As mentioned in the last newsletter, creating wildflower areas had the biggest vote from local residents, both on the map that hung in the Market Garden and in the suggestions written down at the Nature Recovery Network’s launch in January. But… there were many people who said that they had ‘tried wildflowers and it hadn’t worked!’
At Long Mead, we have been experimenting with creating wildflower areas over two decades and have confirmed for ourselves that the most important thing, as of course every gardener knows, is: ‘Right Plant - Right Place.’
Unfortunately, in their eagerness to inspire us all to do our bit for pollinators and wildlife, the media, environmental organisations and seed producers forget to tell us this golden rule.
All too often, packets of seeds or seed bombs muddle cornfield annuals and hay meadow perennials. They include a vast range of species that require differing soil pH, hydrological conditions, and management. One local environment organisation’s instructions that we recently reviewed fail even to mention that meadow flowers grow only in full sun!
Even more confusing, if you look on the internet for pictures of municipal efforts of wildflower plantings (and many councils are now taking this on) you find roundabouts and verges where oxeye daisies and other meadow perennials are swamped in brilliant red flushes of poppies and pink corncockles and brilliant blue cornflowers. All these cornfield annuals (or arable weeds as the farmers call them) are in their first year of bloom. For their seed to germinate (and to flower in subsequent years) they need cultivation - the ploughing that takes in a corn field every year. Of course, you can’t dig over the soil if you have also planted perennials that you want to survive.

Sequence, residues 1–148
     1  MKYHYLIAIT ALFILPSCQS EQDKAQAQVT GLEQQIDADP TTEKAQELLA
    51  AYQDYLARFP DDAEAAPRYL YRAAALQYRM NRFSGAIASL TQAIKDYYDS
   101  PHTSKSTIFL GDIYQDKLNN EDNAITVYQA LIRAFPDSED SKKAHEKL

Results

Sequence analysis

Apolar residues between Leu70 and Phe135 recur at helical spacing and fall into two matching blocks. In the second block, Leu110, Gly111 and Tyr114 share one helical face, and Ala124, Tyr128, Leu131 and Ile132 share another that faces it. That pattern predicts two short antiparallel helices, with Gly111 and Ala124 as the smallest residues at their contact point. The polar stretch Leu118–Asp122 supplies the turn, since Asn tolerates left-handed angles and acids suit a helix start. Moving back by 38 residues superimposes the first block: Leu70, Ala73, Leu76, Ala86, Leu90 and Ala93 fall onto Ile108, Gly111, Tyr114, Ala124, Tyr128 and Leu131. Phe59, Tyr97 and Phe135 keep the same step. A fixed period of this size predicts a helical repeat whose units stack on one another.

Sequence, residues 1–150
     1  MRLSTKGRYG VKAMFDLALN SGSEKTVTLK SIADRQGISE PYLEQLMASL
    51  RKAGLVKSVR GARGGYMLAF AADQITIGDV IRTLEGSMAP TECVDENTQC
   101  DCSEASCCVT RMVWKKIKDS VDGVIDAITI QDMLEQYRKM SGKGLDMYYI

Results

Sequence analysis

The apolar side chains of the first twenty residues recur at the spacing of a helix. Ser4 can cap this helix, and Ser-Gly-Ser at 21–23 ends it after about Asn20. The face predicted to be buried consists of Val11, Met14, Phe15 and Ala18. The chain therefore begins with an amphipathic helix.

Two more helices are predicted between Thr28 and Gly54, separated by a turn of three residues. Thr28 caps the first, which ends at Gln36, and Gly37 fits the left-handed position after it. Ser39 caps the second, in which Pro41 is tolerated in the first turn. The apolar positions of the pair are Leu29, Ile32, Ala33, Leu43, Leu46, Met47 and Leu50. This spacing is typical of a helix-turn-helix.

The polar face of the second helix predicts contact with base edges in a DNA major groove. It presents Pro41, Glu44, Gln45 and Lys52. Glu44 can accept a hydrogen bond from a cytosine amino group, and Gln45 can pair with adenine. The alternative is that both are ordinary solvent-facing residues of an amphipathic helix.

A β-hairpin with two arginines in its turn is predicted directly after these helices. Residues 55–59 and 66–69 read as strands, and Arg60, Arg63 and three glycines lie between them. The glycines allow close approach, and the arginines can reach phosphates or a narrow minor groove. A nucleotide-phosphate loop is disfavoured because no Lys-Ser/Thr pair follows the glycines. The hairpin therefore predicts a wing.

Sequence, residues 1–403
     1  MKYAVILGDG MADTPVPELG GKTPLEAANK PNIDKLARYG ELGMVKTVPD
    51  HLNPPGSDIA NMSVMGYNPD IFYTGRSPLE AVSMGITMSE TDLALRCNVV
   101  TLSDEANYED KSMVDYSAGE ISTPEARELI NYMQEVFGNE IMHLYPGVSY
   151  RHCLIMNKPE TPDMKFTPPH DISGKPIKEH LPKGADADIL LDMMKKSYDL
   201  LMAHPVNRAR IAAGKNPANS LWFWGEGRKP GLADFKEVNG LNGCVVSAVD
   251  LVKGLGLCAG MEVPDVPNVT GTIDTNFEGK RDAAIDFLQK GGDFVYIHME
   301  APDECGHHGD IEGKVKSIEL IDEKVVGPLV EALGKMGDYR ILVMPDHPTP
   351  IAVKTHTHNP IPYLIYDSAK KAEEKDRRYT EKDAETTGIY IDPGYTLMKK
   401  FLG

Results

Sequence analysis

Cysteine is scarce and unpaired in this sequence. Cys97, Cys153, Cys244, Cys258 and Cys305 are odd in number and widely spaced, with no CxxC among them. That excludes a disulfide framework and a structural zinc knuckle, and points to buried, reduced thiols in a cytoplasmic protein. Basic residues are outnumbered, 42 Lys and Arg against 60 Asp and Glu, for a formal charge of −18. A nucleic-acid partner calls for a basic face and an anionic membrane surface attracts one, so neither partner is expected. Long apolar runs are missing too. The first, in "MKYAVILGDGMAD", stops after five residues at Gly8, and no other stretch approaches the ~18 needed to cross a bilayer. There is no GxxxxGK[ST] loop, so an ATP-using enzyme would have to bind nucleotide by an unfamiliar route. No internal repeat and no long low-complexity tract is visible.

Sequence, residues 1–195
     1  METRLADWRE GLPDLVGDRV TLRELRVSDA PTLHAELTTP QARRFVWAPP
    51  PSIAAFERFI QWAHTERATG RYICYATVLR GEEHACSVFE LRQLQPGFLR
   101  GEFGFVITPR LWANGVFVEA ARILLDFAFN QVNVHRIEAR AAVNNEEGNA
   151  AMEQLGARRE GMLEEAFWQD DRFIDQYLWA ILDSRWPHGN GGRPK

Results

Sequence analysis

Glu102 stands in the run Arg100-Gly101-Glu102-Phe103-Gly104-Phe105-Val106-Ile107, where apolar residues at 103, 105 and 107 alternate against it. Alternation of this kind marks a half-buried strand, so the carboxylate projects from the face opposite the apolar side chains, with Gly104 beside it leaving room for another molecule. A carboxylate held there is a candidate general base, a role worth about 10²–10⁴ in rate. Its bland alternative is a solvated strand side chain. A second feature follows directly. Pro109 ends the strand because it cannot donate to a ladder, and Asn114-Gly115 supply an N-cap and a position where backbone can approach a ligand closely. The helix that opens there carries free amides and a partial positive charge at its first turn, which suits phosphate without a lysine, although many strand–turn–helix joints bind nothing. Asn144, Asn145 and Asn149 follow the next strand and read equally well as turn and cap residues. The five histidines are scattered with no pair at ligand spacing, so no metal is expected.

So, this is one major cause of disappointment with attempts to grow wildflowers. If you want poppies and cornflowers and corncockles, you need to dig over the soil every year to repeat that first flush of brilliant bloom or, better still, collect the seed heads and replant the seed, so that it goes where you want it to. Think of sweet peas or lettuces or nasturtiums - we wouldn’t expect them to go on year after year without bare soil, even if we let them go to seed. The fact is that every year we have to re-sow them.
In our traditional wildflower meadows, on the other hand, virtually all the plants are perennial. Not being dependent on being propagated from seed annually, they don’t need bare soil. In fact, the sooner they grow and cover the bare soil the less likely annual so-called ‘weeds’ will creep in. Perennials don’t flower in the first year, indeed, sometimes they don’t flower for several years, which is why seed producers include annuals in their mixes to appeal to our 21st century need for instant gratification. Sometimes, they describe these annuals as a ‘nurse crop’ to stop the ‘weeds’ getting in, but they take light and water and their dramatic display ?f colour runs the risk of turning the discreet beauty of the perennial flowers that emerge over the following years into disappointment.
So, the second rule that we’ve learned on Long Mead is to think of creating a meadow like raising a child – hard work and sometimes unlovely in the beginning, but turning into something of lasting pleasure, delight, and pride. Dr Alison MacDonald, the guru of meadow restoration at Oxford University, reckons that it takes 150 years recreate the complexity of a floodplain hay meadow ecosystem. Of course, foresters think nothing of planting oaks to be felled in 150 years and orchardists talk of ‘planting pears for your heirs’ given their slowness to fruit.